Short term memory always suffers immediately after anesthesia. I have had patients mad at me for not seeing them immediately post-op even after I had spent ten minutes talking with them in the recovery room.
I cannot answer for your surgeon but I will tell you what I would answer to my patients.
Tightness and some mild burning in the leg is not uncommon after a surgical decompression for a disc herniation. Most patients have had significant pain prior to the surgery and after the pain is gone, these symptoms are uncovered. The symptoms were actually present before the microdiscectomy but were not noticed because the searing pain covered these symptoms up. It might take as long as three months for these symptoms to fade away.
Intermittent numbness can take as long as six months to disappear. The area of numbness will shrink down over time.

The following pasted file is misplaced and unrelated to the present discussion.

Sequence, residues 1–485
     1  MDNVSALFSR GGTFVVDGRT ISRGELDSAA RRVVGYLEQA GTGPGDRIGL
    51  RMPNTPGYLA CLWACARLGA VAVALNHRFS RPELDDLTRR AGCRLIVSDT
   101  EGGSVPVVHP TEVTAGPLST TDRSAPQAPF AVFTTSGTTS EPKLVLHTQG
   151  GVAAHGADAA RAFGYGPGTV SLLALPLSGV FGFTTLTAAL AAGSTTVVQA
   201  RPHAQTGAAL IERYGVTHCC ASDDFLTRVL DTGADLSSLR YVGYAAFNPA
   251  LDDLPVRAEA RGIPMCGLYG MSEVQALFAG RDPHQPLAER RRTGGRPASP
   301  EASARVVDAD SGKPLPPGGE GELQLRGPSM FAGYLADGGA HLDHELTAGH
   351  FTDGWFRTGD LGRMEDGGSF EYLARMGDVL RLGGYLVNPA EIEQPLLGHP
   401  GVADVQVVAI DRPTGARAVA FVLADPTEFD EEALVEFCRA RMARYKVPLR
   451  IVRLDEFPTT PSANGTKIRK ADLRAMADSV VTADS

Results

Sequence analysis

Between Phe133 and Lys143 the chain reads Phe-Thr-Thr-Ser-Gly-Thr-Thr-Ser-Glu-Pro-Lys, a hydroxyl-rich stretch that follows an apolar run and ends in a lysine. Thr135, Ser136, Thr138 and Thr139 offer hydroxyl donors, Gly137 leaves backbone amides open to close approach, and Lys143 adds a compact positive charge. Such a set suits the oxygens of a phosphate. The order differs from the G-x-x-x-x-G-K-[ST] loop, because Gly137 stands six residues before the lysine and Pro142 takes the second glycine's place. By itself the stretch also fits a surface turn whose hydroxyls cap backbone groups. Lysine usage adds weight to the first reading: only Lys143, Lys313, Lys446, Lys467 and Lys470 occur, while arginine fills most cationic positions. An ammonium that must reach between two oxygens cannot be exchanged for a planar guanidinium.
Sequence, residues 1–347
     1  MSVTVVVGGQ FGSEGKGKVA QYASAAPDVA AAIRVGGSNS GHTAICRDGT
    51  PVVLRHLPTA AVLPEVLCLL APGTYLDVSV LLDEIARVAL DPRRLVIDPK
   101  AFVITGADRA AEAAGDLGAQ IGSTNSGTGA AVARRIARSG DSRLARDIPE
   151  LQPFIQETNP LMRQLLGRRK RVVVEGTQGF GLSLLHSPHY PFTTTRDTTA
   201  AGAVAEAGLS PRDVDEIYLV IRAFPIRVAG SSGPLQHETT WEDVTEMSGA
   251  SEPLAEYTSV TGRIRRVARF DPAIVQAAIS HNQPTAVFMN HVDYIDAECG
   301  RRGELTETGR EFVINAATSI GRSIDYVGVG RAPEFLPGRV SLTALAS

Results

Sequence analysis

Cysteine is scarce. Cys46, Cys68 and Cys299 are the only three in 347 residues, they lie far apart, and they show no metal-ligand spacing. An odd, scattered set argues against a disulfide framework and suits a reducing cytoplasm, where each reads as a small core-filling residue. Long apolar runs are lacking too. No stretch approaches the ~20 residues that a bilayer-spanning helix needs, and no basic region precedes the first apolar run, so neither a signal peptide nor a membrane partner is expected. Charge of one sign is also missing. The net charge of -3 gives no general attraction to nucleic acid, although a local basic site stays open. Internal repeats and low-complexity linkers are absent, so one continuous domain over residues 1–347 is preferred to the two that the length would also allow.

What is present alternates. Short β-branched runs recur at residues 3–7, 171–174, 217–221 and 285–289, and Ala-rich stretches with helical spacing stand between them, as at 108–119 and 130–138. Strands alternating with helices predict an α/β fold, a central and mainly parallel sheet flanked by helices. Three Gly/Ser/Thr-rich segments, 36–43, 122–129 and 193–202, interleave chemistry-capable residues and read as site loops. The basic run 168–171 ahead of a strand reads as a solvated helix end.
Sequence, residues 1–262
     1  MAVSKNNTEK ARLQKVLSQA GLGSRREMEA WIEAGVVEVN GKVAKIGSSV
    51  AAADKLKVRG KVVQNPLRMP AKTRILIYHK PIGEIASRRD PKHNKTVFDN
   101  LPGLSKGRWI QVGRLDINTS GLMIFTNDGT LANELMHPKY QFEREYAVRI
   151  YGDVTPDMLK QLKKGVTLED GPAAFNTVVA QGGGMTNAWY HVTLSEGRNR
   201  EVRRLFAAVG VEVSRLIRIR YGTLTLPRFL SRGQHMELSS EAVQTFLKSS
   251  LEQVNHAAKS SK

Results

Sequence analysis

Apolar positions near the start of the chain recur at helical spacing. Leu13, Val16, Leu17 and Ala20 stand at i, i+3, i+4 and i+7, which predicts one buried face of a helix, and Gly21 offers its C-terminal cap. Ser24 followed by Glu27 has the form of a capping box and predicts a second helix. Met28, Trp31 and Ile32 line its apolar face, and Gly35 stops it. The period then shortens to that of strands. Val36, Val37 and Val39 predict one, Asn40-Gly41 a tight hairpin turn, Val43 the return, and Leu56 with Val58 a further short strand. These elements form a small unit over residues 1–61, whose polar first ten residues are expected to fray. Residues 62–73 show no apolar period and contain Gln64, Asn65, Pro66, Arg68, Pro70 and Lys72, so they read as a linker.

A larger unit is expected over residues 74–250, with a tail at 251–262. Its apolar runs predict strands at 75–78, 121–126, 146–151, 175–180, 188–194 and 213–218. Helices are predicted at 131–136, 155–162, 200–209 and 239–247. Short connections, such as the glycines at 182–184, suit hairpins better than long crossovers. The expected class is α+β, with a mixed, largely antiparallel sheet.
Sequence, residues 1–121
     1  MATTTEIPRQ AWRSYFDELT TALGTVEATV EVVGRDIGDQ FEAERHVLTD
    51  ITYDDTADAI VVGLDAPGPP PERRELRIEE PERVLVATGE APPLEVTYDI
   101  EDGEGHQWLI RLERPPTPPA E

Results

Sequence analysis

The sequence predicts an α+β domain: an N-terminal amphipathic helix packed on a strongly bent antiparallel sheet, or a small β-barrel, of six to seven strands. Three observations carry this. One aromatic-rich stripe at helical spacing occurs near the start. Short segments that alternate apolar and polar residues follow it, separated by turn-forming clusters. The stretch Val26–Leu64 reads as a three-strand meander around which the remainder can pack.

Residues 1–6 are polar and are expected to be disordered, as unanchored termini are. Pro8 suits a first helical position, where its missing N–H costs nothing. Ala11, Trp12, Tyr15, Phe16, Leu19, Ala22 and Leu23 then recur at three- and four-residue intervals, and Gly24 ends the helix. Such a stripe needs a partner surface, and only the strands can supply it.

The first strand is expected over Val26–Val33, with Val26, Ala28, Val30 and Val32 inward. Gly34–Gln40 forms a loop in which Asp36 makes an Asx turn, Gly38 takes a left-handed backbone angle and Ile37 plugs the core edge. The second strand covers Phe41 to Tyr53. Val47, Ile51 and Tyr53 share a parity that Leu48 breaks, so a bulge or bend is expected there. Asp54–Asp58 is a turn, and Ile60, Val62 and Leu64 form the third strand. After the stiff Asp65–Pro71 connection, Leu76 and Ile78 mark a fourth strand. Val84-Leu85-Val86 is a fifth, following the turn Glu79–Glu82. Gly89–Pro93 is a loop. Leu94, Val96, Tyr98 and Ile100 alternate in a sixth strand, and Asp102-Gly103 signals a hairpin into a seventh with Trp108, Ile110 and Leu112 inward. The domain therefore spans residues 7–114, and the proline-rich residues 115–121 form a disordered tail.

I cannot speak for your surgeon as far as going back to work but for my patients, they can go back to a sedentary job within one week to as much as six weeks. It depends upon how well the symptoms are relieved and if the job allows frequent position changes and part time work in the beginning.
I want my patients to walk after surgery a reasonable distance. Short walks are better and multiple “laps” instead of one long walk are preferred. Sitting time is to tolerance.
Ibuprofen is OK to use after about one week from surgery. Ibuprofen will not cause scar tissue to form.
Donald Corenman, MD, DC is a highly-regarded spine surgeon, considered an expert in the area of neck and back pain. Trained as both a Medical Doctor and Doctor of Chiropractic, Dr. Corenman earned academic appointments as Clinical Assistant Professor and Assistant Professor of Orthopaedic Surgery at the University of Colorado Health Sciences Center, and his research on spine surgery and rehabilitation has resulted in the publication of multiple peer-reviewed articles and two books.